All the wires

Use these tips to get the most out of that little block of polymer

If you picked up an Android Wear watch, or know someone who picked one up, or just listen to what people are saying on the Internet, you know that battery life is a big issue for many new watch owners. The need for frequent charging combined with a tiny proprietary charging cradle to keep track of isn't the best experience in the world. Never mind the fact that finding a second charger is a bit like pulling hens teeth, so you have to take it with you or be at the same spot every time you want to top things up.

We've been testing different things over the past couple of weeks, and now we can stretch things out a bit further, and in a pinch can go two full days without the watch meeting the charger. Everyone uses their watch in different ways, but using these tips will keep your watch on your wrist — and off the cord — longer.

Brightness makes a big difference

Set your screen brightness to stun

And this is a tough one to overcome. Even at the highest brightness level, you can barely see anything on both the Gear Live and the G Watch if you head outside under the bright sun. We have a feeling the Moto 360 won't be any different. If you're working or playing outside, you'll need to have it cranked way up or you're that guy who is trying to use one hand to cast a shadow over the screen so you can read it. We get it — tiny battery means you can't crank the screen over 9,000 nits. But we still would like to see this addressed in future hardware somehow. It will be interesting to see how the rumored Apple iWatch handles this if we ever see it.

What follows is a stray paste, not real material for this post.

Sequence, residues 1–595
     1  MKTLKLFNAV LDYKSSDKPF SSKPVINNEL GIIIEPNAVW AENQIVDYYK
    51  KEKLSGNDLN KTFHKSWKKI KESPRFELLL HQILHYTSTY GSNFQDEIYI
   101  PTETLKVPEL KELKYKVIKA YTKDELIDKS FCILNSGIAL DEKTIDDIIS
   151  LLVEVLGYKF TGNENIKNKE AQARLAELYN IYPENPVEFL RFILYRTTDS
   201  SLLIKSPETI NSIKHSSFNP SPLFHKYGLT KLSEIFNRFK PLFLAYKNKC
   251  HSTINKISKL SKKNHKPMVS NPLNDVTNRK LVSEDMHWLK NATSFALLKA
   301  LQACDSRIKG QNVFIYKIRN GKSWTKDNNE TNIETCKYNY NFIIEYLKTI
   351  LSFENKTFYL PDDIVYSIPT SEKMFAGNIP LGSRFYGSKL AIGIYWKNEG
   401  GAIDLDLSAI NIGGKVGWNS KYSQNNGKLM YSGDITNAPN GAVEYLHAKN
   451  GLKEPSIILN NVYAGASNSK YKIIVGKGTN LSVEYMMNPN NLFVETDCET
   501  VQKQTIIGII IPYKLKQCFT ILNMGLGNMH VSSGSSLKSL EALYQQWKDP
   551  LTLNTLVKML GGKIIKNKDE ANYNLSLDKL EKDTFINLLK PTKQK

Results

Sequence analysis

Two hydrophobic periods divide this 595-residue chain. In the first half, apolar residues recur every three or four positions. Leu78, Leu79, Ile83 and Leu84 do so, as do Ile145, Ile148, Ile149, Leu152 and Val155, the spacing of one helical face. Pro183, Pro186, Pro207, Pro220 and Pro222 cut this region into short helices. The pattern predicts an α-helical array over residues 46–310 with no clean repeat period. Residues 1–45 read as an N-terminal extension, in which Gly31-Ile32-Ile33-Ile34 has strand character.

In the meantime, know that setting the screen brightness to 1 can dramatically increase your battery life — just like you would expect it to do. You'll have to find that balance where the brightness is high enough to see, but low enough to save a little juice. Maybe an ambient light sensor can help here, and we hope to see one in upcoming products. It's also worth noting that while the LG G Watch brightness has an extra step (it goes to six, while the Gear Live goes to five) screen brightness makes a bigger difference in the Samsung Gear Live.

Always on isn't a big factor

Always on screen settings

In the Android Wear software there is a setting to keep the screen awake all the time, albeit in what's called a "dim mode." In this dim mode, things are in black and white and everything is at a very low brightness. The benefit here is that you can always see the time and if you have a notification (based on the Android Wear app settings). Tapping the screen or raising your wrist brings things back to normal.

You can shut this off in the settings, and when your watch is idle the screen will be off. Raising your wrist or tapping the screen still brings things right back to normal, so thinking this is a battery saver is a natural conclusion. It probably is to some extent, but it's not a big enough factor to make a difference in "real-life" tests here.

If I were pressed to put a number to things, I would say you'll get a couple of extra hours over the course of two days at most by turning the screen off. I also didn't see much of a difference between the Gear Live and the G Watch here. If you want your watch to always be a watch, leave this enabled — it's not going to destroy the battery. They are watches after all, they need to act like a watch, right?

Use the snooze


When you don't need or want your wrist to be buzzing every time your mom emails you to ask how to "work" her new phone, you can turn the notifications off. Just pull down from the main screen on your watch and notifications will cease until you pull down again to turn them back on. While notifications are off, your screen isn't lighting up and the vibration motor isn't running. Both of those things need juice. Turning them off means they no longer use your juice.